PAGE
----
For companies implementing FSM, complete visibility into all the benefits of AR is still a bit fuzzy, as the technology is still in its infancy. What is clear is that AR achieves high-level business goals by maximizing field force productivity and eliminating costly second trips to sites, thereby impacting revenue directly and immediately. AR’s inherent capability of content overlaying the real world results in the ability to not just visualize, but actually see not-yet-existing environments that could exist in that space. It also improves two key metrics that are important to all field service managers: time fix rates and average repair time.
The adoption of AR in the enterprise depends on the perceived value and benefits it will provide, as well as the process for overcoming roadblocks during implementation. According to IDC vice president, Tom Mainelli, a common thread for rolling out an AR strategy is emerging: start with widely-used smartphone and tablet devices and build from there, adding headset technology when it is ready for the mainstream. “Companies should start out with smartphones and graduate,” Mainelli said.
AR and FSM: A match made in heaven
Every field service professional works both with their hands and their heads. This workforce attribute makes a good first entry point for AR as it provides a “hands-free” experience for technicians, who need their hands to perform tasks in the field. The technology offers a way to put data sheets and instructions needed to complete the work directly in their field of vision while keeping their hands free to complete the job.
Consider also the field service professional tasked with repairing a medical imaging machine. While the technician is highly skilled, sometimes the repair work is so sophisticated, it exceeds the technician’s depth of expertise. AR allows the more experienced engineers to remain at headquarters, supervising and troubleshooting more difficult issues for those less skilled workers in the field. Using technology - perhaps a real-time video on a mobile device - the expert can provide remote, guided repair quickly without travel time or fuel costs. Add to that the ability for the expert to add graphics and text to the screen of the field worker, literally showing the technician how to proceed with accuracy, achieving the benefit of solving the problem in one service visit instead of two. In fact, thanks to companies like Fieldbit that enable a hands-free, real-time AR visual collaboration solution via smart glasses, this is very much already being implemented.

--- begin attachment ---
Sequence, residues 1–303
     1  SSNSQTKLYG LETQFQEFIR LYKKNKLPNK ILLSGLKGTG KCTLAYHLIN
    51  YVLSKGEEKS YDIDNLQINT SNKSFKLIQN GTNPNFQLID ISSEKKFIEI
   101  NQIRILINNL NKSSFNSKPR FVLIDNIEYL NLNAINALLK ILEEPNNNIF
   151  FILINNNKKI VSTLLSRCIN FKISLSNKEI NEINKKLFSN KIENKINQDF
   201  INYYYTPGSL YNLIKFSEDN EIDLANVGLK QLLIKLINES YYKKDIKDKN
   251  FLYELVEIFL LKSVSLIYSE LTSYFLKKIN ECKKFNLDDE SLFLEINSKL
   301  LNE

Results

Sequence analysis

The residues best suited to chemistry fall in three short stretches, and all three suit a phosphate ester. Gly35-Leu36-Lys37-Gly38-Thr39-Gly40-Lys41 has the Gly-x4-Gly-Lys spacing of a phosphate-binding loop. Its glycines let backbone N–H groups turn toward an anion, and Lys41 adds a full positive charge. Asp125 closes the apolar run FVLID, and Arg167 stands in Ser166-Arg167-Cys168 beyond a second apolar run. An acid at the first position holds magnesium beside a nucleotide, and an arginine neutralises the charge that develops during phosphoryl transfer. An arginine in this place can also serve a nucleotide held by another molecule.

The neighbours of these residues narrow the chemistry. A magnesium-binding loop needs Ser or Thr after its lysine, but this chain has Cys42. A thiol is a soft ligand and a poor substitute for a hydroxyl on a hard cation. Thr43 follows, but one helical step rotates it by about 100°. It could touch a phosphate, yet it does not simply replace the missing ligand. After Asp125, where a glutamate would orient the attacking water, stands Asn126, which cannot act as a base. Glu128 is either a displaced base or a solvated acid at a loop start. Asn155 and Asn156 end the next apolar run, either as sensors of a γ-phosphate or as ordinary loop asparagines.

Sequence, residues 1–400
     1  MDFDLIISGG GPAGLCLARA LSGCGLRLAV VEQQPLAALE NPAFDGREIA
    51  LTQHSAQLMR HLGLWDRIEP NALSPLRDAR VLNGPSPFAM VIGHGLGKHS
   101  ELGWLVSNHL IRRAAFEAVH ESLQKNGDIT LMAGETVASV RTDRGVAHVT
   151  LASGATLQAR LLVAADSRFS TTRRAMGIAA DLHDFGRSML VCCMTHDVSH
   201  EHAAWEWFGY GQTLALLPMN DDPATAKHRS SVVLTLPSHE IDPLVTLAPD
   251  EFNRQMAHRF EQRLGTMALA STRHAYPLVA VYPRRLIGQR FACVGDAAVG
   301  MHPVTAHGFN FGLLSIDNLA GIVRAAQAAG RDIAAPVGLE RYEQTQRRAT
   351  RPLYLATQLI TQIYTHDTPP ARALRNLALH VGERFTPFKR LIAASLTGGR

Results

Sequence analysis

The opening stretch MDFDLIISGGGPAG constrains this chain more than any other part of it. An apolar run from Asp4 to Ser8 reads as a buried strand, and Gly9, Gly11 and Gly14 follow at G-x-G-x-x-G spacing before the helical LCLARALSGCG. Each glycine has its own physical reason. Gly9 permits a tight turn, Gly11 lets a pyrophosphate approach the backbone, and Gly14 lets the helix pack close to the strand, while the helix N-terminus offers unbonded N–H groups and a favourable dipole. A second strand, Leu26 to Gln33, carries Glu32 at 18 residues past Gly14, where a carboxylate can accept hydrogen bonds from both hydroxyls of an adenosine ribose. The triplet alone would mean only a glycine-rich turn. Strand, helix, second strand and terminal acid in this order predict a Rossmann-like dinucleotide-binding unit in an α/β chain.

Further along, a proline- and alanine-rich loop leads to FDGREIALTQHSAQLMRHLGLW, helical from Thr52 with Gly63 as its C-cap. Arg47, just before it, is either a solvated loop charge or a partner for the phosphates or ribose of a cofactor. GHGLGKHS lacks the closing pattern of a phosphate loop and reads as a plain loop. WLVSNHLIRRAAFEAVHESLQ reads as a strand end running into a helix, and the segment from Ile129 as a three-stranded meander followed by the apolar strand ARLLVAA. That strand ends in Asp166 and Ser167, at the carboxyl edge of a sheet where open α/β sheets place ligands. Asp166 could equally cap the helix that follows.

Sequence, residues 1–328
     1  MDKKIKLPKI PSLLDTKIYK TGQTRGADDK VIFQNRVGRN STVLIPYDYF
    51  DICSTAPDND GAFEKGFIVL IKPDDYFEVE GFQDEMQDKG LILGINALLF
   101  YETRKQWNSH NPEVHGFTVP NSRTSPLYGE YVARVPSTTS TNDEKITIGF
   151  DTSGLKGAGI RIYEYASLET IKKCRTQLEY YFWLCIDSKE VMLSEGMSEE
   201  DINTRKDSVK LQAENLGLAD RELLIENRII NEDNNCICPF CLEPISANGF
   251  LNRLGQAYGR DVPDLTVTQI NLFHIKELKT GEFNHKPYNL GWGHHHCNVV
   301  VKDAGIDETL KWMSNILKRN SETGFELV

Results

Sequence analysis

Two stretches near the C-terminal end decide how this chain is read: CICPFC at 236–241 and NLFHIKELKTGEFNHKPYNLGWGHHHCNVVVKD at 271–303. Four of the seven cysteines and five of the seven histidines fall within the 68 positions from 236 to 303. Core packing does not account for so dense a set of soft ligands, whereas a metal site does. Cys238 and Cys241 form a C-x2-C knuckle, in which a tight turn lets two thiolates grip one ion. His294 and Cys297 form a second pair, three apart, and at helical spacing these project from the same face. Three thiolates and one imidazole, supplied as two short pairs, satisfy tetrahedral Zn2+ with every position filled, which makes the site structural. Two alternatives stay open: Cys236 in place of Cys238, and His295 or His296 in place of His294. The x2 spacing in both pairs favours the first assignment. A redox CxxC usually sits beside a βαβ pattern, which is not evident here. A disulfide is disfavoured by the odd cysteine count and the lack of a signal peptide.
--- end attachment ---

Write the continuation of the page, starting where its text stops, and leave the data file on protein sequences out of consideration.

ABI Research credits the enterprise for fueling the expected explosion of AR, predicting that 21 million units of AR smart glasses will be shipped in 2020, with sales expected to reach $100 billion. Expectations for the technology are high, and these statistics indicate that AR has not yet hit its stride. The prediction that it will continue to invade the enterprise does align with the fact that business goals become increasingly lofty all the time, and AR offers a competitive advantage for organizations leveraging the technology.
Augmented reality is maturing every day, and as it makes its way into the mainstream, enterprises have a powerful opportunity to incorporate it into business practices and impact bottom line outcomes. Combine these benefits with the ‘cool factor’ inherent to the technology, and the positive impact will extend beyond the bottom line to the organization's’ most valuable asset: its employees.
About the Author
Gilad has been at ClickSoftware since February of 2012, having joined as the Product Line Director. In July of 2016, Gilad rose to fill the VP of enterprise products role. With more than 20 years of experience in product management, product marketing and business development, Gilad's area of expertise lies in opening up new markets and overseeing the development of new products. He is located in the Petah Tikva area in Israel.